Condenser Self-defrosting refrigerators all have a set of coils and a cooling fan, usually under the refrigerator, that need to be cleaned regularly. If these coils get coated with dust, dirt or lint, the refrigerator may not cool properly. The coils may appear to be a thin, black, wide radiator-like device behind the lower kick-panel. To clean them, disconnect the refrigerator from the power source, use a refrigerator condenser brush (see the Appliance Accessories section) and your vacuum cleaner to clean the coils of any lint, pet hair, etc. You may not be able to get to all of the condenser from the front, it may be necessary to clean the remainder of the condenser from the rear of the refrigerator.
Posted on Aug 11, 2009
SOURCE: Frost and Ice Buildup
If everything is cooling fine and the frost is not on the back wall but just the floor at the bottom then your defrost drain is stopped up. Remove the bottom basket and clean up the ice on the floor of the freezer. Look on the back wall and you will see some more ice up a littler higher at the back. This is where the drain is. Clean all the ice out from this area too using hot water or a hair dryer. Once you find the drain hole make sure you get all this ice out of it as well. You can take a screw driver once you have melted the ice and gently push it through the drain hole. Once the hole is cleared you should be able to pour hot water freely through the hole. (It is best to turn the refrigerator off while you do this)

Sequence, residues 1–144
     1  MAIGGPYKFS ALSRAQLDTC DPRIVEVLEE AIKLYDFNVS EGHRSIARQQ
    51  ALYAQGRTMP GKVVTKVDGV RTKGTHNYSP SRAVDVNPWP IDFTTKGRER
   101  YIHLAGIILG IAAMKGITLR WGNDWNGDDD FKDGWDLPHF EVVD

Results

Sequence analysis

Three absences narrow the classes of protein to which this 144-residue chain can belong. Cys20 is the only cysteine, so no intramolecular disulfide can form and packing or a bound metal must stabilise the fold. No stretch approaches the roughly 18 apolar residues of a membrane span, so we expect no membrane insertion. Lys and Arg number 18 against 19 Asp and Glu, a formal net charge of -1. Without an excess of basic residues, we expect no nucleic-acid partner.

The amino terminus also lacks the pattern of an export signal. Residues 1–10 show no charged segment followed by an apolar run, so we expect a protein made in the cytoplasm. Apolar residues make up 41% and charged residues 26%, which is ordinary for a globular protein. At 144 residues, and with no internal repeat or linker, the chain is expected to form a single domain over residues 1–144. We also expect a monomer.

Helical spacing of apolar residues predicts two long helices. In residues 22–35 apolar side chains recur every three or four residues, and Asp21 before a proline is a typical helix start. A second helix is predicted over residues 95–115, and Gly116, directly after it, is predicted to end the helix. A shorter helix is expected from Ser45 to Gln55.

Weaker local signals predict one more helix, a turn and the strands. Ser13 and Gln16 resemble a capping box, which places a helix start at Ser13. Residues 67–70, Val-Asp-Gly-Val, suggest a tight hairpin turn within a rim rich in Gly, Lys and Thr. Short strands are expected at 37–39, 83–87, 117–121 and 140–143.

Posted on Jul 01, 2010
You have an auto defrost drain problem.Look carefully in the freezer in the very back and bottom and that is where the ice is plugging up the line.You may also be able to get at the problem from the rear of the refrig.Hope this helps.
Posted on Jun 22, 2011